Reunited again: Fr Benedict with his friend Blessed Teresa of Calcutta
Last Friday night, the feast of the Transitus of St Francis, Fr Benedict Groeschel, founder of the Congregation of the Franciscans of Renewal, writer, speaker and EWTN regular, died at the age of 81. Fr Benedict had been ill for some time, and had recently had a serious fall. His death leaves me with mixed emotions: great sadness at the loss of one whose presence and wisdom were a joy, and yet happiness that this holy man has gone to his eternal reward and, I personally believe, has entered the glory of the Saints.
As you know Fr Benedict was an extraordinary man. He inspired devotion and awe in those who admired him. I was once asked by a professor in seminary who I would regard as an influence in preaching, I spoke of Fr Benedict to which the professor responded: "He is a most dangerous man!" Indeed he was: he preached the Gospel with such clarity, fidelity and courage he was a consummate evangeliser, and many saw him as a threat. He was. I think he is up there with the Venerable Fulton Sheen, forming minds, hearts and souls in the ways of the Gospel. It is for that reason that I will miss him, but thank the Lord we have so many books, videos and CDs to console us.
Fr Benedict was a great preacher, a comedian, a pragmatic pastoral minister, a devout religious. Those who knew him will also know that he was a man of great humility: he did not take himself seriously. His New Jersey/New York background lent him a personality that complimented his faith, grounding it in reality. He met difficulties with a shrug and reiterated that God was in charge, all would be well. He was not afraid of death, indeed he was ready for it - he used to say that he would often practice a pitiful voice to wail for mercy when he came before the throne of God. I have no doubt that he did not need to do so. I am sure the Lord smiled when this servant came before him, and I believe he heard the words: "Well done, good and faithful servant; come and enter into your Master's happiness".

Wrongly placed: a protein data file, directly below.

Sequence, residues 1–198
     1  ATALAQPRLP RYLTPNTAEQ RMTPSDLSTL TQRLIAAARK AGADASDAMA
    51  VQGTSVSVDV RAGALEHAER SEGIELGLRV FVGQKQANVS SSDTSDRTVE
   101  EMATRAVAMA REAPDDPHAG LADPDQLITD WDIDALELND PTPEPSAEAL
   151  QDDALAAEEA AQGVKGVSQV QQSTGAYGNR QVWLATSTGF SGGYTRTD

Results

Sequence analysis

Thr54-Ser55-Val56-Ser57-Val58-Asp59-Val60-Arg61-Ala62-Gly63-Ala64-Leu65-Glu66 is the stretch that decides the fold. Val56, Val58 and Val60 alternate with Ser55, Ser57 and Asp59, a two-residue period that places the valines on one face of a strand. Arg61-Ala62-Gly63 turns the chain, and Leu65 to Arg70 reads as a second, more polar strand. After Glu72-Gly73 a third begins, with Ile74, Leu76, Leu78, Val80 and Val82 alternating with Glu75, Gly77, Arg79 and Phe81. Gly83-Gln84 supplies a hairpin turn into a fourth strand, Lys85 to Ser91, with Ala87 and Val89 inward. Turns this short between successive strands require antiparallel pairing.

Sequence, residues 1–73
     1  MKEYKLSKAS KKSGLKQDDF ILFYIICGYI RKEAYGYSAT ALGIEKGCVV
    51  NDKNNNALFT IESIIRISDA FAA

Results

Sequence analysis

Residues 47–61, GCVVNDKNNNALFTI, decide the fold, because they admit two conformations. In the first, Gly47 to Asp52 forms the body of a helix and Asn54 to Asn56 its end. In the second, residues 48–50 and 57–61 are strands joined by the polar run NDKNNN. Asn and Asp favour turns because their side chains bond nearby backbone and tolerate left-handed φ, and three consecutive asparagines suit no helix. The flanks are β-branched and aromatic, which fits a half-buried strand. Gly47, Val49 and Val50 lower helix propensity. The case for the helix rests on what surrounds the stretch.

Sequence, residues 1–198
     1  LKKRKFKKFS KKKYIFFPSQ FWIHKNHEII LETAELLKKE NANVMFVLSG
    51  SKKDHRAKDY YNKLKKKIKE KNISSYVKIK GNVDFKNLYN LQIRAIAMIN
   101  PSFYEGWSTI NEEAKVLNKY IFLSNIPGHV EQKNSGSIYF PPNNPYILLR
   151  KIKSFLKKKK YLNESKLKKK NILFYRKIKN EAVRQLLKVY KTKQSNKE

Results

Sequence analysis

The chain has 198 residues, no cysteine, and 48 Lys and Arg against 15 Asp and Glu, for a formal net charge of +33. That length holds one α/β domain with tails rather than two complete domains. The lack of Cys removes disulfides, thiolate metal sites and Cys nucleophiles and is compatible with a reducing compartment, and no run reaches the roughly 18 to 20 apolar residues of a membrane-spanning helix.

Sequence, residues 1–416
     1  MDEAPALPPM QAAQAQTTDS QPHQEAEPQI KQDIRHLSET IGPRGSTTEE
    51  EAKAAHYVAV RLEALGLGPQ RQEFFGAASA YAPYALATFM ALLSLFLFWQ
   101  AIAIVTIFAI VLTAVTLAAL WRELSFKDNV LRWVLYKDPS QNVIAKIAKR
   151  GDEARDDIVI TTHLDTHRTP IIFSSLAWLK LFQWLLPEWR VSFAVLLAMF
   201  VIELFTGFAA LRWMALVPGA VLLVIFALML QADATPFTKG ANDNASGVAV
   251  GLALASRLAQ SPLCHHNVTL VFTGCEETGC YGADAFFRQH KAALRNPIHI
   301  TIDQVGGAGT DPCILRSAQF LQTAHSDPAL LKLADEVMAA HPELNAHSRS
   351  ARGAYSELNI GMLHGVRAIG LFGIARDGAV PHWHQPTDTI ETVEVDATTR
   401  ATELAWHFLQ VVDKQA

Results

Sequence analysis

Fr Benedict had a deep love for those in his care: his spiritual children be they in his order or otherwise, those he ministered to as priest and preacher, and for the poor. He spent a large part of his life working with priests and seminarians, working in the seminary in Dunwoodie and in New York Archdiocese's Trinity Retreat at Larchmont on Long Island Sound. It was in that retreat house that he carried his most sensitive work as priest and psychologist: ministering to broken priests.
Fr Benedict fostered a paternal love for these priests, men worn out by the ministry, men fallen on hard times, addicted to alcohol or other vices, and then the most despised of all: priests who had abused. In a Church where the ministry of priests is taken for granted and many are forgotten, left to their work, not cared for, Fr Benedict was one who reached out to them to rebuild and restore what had crumbled through years of neglect, fatigue and loneliness. He said that often when burnt-out priests arrived to speak to him, or those who were considering leaving the ministry, the first question he asked them was: "When did you stop praying?" Inevitably all of them had abandoned prayer, and Fr Benedict's first piece of advice was to begin praying again. No priest can live without prayer, no priest can work without prayer, no priest can be a priest without prayer.
I am convinced that Fr Benedict is a Saint, I believe he is now in heaven: that is my personal opinion and I do not dare to speak for the Church. I do hope that five years from now, when the canonical waiting period is up, his Cause for beatification and canonisation will be opened. I have already started to pray to him. I had met him a number of times, and among those meetings I remember with great fondness spending a day with him at Trinity Retreat - it was a wonderful day. He gave up his time to spend that day with an Irish seminarian, to talk, advise and guide. That he would consider that meeting important in what was a busy life struck me and taught me that a priest must always have time for those who come to him regardless of how important or unimportant we might think such meetings. I can now thank him for this and the many other lessons he taught me in meetings, in talks, in books, on TV and on CDs.
As we sympathise with the CFRs on the death of their founder and father, and commend him to God, let us also thank the Lord for his life, his ministry and the many hours of preaching in which he opened the Gospel for us, reminding us of the joy and laughter that is to be found in our relationship with Christ.
Pray for us, Fr Benedict; watch over us. Thank you for your example and your work. May the Lord grant us the joy of one day (soon) of seeing you raised to the altars. Santo Subito!